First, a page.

11 Songs, 48 Minutes

EDITORS’ NOTES

Expanding on her acclaimed 2011 sophomore album, Verdugo Hills, Caroline Lufkin released Verdugo Hills Remixes in 2012, offering up 11 producers’ reworkings. Eluvium’s take on the opening “Balloon” delivers a gradual swell of beautifully muted beats and looped tones to create something that recalls Boards of Canada's experimental ambient creations. Similarly, the Manual remix of “Sleep” keeps the song’s ethereal origins while filling in the cracks with subtle electro-toned drones that are hushed in the mix and separated sporadically. The song moves with the still beauty of a swan on a lake as Caroline’s gauzy vocals float over everything like a silver fog. James Scott Tamborello (a.k.a. Dntel) mixes some of his signature clipped glitches into “Seesaw,” creating a remix that plays as if Caroline were performing this song in an echo chamber accompanied by a vintage drum machine and guitar pedals patched into a quartet of Speak & Spells. Rory Vallis offers a similarly glitchy take on “Pink Gloom,” replete with backmasked organ notes for an extra-haunting effect.

EDITORS’ NOTES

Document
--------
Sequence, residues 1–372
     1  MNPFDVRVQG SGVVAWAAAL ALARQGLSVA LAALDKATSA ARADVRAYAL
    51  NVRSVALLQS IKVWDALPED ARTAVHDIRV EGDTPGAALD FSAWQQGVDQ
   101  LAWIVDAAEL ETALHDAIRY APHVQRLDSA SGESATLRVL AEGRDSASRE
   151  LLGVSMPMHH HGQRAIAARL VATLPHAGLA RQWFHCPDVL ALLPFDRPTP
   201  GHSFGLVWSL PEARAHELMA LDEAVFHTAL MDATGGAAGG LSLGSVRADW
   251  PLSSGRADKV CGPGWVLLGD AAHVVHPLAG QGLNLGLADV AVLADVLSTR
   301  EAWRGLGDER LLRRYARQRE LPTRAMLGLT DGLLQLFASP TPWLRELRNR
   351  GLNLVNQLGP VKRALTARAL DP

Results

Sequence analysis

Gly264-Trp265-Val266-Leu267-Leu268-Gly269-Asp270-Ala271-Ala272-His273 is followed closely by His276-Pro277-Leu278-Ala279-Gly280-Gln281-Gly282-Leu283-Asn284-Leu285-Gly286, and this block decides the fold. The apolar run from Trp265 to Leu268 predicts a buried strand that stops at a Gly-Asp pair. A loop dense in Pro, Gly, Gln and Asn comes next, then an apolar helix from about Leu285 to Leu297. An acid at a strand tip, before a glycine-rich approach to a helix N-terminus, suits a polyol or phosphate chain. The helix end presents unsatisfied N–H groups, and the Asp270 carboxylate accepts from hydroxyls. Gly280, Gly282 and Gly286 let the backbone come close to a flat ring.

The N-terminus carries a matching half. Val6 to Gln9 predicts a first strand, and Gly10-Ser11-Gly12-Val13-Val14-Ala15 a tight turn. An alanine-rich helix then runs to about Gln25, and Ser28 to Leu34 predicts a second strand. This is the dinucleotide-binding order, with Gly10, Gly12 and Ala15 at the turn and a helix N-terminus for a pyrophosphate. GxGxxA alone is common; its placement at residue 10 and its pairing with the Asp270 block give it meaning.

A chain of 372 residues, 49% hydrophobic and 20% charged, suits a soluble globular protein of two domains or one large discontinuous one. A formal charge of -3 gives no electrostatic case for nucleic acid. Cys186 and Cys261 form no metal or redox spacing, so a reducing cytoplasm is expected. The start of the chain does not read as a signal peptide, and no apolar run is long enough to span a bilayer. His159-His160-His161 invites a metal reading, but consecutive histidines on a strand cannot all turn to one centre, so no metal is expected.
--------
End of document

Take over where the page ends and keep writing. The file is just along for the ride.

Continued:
Expanding on her acclaimed 2011 sophomore album, Verdugo Hills, Caroline Lufkin released Verdugo Hills Remixes in 2012, offering up 11 producers’ reworkings. Eluvium’s take on the opening “Balloon” delivers a gradual swell of beautifully muted beats and looped tones to create something that recalls Boards of Canada's experimental ambient creations. Similarly, the Manual remix of “Sleep” keeps the song’s ethereal origins while filling in the cracks with subtle electro-toned drones that are hushed in the mix and separated sporadically. The song moves with the still beauty of a swan on a lake as Caroline’s gauzy vocals float over everything like a silver fog. James Scott Tamborello (a.k.a. Dntel) mixes some of his signature clipped glitches into “Seesaw,” creating a remix that plays as if Caroline were performing this song in an echo chamber accompanied by a vintage drum machine and guitar pedals patched into a quartet of Speak & Spells. Rory Vallis offers a similarly glitchy take on “Pink Gloom,” replete with backmasked organ notes for an extra-haunting effect.

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